UK Merger Control in 2004 

January, 2004 - Peter Andrews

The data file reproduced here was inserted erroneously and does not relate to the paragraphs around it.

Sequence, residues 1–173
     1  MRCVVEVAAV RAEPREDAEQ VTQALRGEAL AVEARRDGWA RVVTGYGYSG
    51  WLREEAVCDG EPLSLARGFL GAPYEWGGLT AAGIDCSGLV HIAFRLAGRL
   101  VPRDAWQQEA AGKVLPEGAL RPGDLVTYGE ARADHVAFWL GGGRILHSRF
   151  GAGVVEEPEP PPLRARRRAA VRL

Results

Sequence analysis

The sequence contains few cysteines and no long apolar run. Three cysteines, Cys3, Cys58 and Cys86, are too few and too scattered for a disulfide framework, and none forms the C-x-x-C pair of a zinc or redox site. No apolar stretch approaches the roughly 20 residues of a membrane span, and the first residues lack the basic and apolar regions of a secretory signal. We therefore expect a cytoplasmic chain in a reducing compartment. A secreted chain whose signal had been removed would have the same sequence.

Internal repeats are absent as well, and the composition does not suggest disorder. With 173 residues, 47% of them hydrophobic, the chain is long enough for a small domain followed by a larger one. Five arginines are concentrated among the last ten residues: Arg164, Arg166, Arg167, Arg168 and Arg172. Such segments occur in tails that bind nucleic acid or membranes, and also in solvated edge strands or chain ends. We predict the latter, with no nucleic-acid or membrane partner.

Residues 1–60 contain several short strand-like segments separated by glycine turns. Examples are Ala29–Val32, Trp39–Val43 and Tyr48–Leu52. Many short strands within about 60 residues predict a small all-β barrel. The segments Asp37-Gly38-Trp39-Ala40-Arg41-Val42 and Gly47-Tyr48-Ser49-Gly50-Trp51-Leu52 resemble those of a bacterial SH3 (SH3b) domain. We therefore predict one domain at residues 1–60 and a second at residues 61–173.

Considerable publicity and a sense of shock surrounded a judgment of the Competition Appeal Tribunal (CAT) published on 3 December in relation to a proposed merger of two companies involved in the supply of data systems to the NHS. The judgment focuses on how decisions are reached by the bodies responsible for UK merger control and, in particular, the degree of discretion given to the OFT to clear cases without ordering a full four month inquiry. It is of interest to all parties involved in the acquisition or disposal of UK businesses. Implications of the Decision The CAT decision is being referred to the Court of Appeal but pending the appeal we believe that the practical implications of the case include the following:- (1) It is now much more likely than before that the OFT will refer to the Competition Commission (CC) any UK merger which will give rise to a combined market share of over 50%. This is particularly the case where the parties involved in the proposed merger are competitors. (2) If there is a reasonable doubt that a merger may give rise to a substantial lessening of competition the OFT will be more likely than before to make a referral to the CC rather than taking a robust view and deciding not to refer. (3) The OFT’s role in acting as a “first screen” in a merger investigation must not pre-empt or be seen to pre-empt a fuller investigation by the CC in cases where it may be thought such an investigation may be justified. (4) The OFT may, particularly in cases where a merger may be regarded as potentially problematical, seek to make greater use of its powers to demand undertakings from the parties to limit the potentially harmful impact of the merger as a condition of deciding not to refer to the CC. For example, on 9 January, the OFT accepted pricing undertakings from IVAX in lieu of referring its acquisition of 3M’s asthma products distribution business to the CC. (5) In order to ensure transparency in its decisions the OFT will be likely to publish more detailed reasons for its decisions; we believe this may mean that a fuller review will be undertaken in some cases than might previously have been the case. (6) The OFT will be concerned to avoid the risk that interested third parties (including competitors or customers of the merging businesses) may seek to challenge a decision by applying to the courts for judicial review. This is a totally new development. For the business community this creates both concerns and opportunities. Concerns include: - the advent of a tighter UK merger regime limiting the freedom of companies to make acquisitions, particularly in complex sectors of the economy - the likelihood that the OFT will become more reluctant to provide confidential or informal guidance to businesses contemplating merger opportunities - a greater likelihood that any potentially contentious merger may be referred to the CC -- since the decision, the OFT has referred three deals to the CC – well above average for the period. - many parties will be reluctant to “fight” a full four month CC reference – so more deals may be aborted Opportunities, particularly for third parties opposed to a merger include: - a greater potential ability for third parties to challenge mergers of which they are critical, by presenting evidence to the OFT which may tip the balance and force a referral to the CC and/or to consider intervention by way of judicial review 2004 looks to be a year where M&A activity is revived. But, pending resolution of the dispute, it will also be a year in which a new air of caution will surround the review of possible merger opportunities in the UK. If you would like to discuss issues arising from this note please telephone one of the following members of our competition law team. Andrew Pickin: Direct Dial: 08700 865032 Direct Fax: 08700 865002 E-mail: [email protected] Peter Andrews: Direct Dial: 08700 865035 Direct Fax: 08700 865002 E-mail: [email protected]



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